News

09 February 2018

2017 was a devastating year for natural disasters in Central and South America, with hundreds of lives lost. Peru was the first to be hit at the beginning of the year with heavy floods, during which over a 150 people died. In April 2017, massive landslides in southern Colombia killed more than 300 people. The Caribbean saw one of its most active hurricane seasons on record, with a total of 17 storms. In September 2017, two powerful hurricanes – Irma and Maria – ripped through the Caribbean islands, claiming more than 200 lives. In the same month, a 7.1-magnitude earthquake hit central Mexico, with more than 300 lives lost.

The events of 2017 highlight that emergency preparedness in the region is more important than ever. The Emergency Telecommunications Cluster (ETC) held a Regional ETC Meeting in Panama this week under the umbrella of the Action on Disaster Relief conference to discuss emergency communications initiatives in the Latin America and Caribbean region and build relationships between emergency responders before disaster strikes.  

The Regional ETC meeting held on Monday, 5 February 2018, gathered 34 Information and Communications Technology (ICT) and disaster management specialists – 14 from the humanitarian sector (UN agencies and Non-Government Organisations), 11 from government entities and 9 from the private sector. Additionally, two regional disaster management coordination entities – the Caribbean Disaster Emergency Management Agency (CDEMA) and the Coordination Centre for the Prevention of Natural Disasters in Central America (CEPREDENAC) – representing 24 countries in total[1] - were present.

The ETC meeting encouraged dialogue and information exchanges between participants as well as enabled networking opportunities. “Events like this ETC meeting provide an ideal platform to share best practices, experiences, and build partnerships towards strengthening emergency preparedness and response mechanisms in Dominican Republic,” said Julian Garcia, Assistant Director & Head of the Communications Division, Emergency Operations Centre (COE), Dominican Republic.

Recurring themes included emergency communications and logistics as well as coordination and preparedness between government agencies, especially disaster management agencies, and ETC partners. “Communications and logistics were found to be the two key aspects during the 2017 hurricane season in the Caribbean.  It is exciting to see the advancement in these technologies and I am keen to learn how we can make these available prior to disaster, but also how to ensure the devices in place are sustainable in our region,” said Andria Grosvenor, CDEMA’s Planning & Business Development Manager, who participated in the ETC meeting.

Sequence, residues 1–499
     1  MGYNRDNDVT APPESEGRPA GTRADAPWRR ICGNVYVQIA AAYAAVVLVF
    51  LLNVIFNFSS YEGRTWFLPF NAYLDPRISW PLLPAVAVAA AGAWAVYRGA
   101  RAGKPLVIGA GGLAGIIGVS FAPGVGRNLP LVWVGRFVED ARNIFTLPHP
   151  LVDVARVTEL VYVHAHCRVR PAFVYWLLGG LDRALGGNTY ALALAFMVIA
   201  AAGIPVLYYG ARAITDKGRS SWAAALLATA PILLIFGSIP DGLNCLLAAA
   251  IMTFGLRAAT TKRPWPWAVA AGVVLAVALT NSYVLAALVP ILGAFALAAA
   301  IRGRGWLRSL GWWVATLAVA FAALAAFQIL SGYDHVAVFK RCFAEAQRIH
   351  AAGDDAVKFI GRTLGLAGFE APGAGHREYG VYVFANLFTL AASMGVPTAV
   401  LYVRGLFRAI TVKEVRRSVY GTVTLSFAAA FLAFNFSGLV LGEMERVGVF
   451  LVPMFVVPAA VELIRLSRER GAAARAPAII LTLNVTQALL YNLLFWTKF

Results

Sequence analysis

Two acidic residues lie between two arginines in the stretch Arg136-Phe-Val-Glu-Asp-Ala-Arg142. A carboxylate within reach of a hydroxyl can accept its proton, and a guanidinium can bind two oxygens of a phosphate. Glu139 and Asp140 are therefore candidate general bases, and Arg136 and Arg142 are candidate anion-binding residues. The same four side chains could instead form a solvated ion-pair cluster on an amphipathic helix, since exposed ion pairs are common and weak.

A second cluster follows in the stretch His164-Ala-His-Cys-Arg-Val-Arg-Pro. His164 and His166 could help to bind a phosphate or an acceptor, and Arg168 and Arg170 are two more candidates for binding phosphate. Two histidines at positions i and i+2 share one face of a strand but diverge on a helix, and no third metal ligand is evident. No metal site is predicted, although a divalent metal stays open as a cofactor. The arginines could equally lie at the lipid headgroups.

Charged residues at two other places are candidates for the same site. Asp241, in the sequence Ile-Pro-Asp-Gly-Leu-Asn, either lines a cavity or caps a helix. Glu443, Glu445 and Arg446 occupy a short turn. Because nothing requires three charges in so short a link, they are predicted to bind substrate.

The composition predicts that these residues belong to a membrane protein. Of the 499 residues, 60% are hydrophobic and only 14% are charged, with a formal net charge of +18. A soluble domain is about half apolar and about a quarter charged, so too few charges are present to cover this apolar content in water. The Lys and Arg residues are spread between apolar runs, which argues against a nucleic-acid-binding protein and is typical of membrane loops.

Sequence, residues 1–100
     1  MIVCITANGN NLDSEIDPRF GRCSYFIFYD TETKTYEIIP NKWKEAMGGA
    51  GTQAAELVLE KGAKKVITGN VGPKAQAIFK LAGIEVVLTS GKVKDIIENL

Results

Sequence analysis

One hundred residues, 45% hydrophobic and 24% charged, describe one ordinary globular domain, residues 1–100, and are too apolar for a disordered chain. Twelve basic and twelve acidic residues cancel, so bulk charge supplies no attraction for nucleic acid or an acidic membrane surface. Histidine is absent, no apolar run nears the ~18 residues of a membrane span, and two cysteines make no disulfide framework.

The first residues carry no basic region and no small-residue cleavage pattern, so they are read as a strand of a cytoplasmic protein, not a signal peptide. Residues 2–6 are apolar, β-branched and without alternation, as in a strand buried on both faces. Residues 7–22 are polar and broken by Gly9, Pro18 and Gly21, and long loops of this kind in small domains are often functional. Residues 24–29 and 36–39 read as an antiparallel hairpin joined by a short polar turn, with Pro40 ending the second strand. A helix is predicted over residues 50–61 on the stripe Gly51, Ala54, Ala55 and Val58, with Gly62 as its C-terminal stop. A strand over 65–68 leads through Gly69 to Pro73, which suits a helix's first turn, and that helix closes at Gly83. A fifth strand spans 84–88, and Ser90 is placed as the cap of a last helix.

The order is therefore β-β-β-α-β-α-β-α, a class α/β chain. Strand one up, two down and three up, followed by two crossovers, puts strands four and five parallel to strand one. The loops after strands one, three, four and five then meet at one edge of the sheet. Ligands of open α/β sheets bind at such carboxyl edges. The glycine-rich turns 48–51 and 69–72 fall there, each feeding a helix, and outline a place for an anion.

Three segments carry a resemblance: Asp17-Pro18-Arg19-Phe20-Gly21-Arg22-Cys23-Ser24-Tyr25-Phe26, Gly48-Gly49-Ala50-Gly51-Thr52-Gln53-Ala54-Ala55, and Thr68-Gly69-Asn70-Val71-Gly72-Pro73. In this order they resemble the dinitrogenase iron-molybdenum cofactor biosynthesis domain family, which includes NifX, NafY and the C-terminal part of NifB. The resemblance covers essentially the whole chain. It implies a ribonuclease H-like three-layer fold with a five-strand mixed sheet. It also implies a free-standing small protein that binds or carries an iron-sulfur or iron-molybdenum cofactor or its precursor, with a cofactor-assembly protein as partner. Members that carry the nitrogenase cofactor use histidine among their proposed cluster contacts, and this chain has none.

Increasingly, the private sector are getting more involved in emergency preparedness and response activities, including improved alignment with the wider humanitarian sector. (Note: This week, the ETC was also participating in the Humanitarian Networking and Partnership Week in Geneva, discussing ETC engagements with the private sector in emergency response). “The exchange of ideas was excellent! I became aware of several ETC initiatives and regional programmes that I had not heard of before.” Sergio Murillo, Director of satellite company - Red52, based in Mexico.

Gabriela Alvarado, WFP Regional IT Officer, emphasized the importance of including private sector organisations in emergency preparedness and the opportunities technology can help leverage during emergency responses, “the ETC meeting created a big opportunity to see how the various entities can better collaborate to improve our response efforts. The unfortunate events faced by the region in recent years have placed additional emphasis on emergency preparedness. With the technology available today and its mobility, we are better equipped to support governments and disaster management agencies in their response mechanisms, while ensuring we provide these tools to the affected population in a disaster. We can achieve this by continuing to collaborate with the private sector.”

The ETC recognises the need to focus on emergency preparedness, which is a core stream of the ET2020 strategy. As an output of this regional ETC meeting, the Global ETC team and wider ETC network of partner organisations will continue to engage with regional and country-level stakeholders to support ongoing work. Perhaps more importantly, the participants left the regional ETC meeting with a renewed conviction that humanitarians, governments and private sector organisations must continue to work together to ensure all those responding to emergencies are better prepared to deal with the natural hazards in the region.

Meeting presentations can be downloaded here.


[1] CEPREDENAC covers: Costa Rica, El Salvador, Guatemala, Honduras, Nicaragua and Panama. CDEMA covers: Anguilla, Antigua and Barbuda, Commonwealth of the Bahamas, Barbados, Belize, Commonwealth of Dominica, Grenada, Republic of Guyana, Haiti, Jamaica, Montserrat, St. Kitts & Nevis, Saint Lucia, St. Vincent & the Grenadines, Suriname, Republic of Trinidad & Tobago, Turks & Caicos Islands and the Virgin Islands.

Sign-up to the Wavelength newsletter mailing list to receive news, stories and updates about ICT in humanitarian emergency response.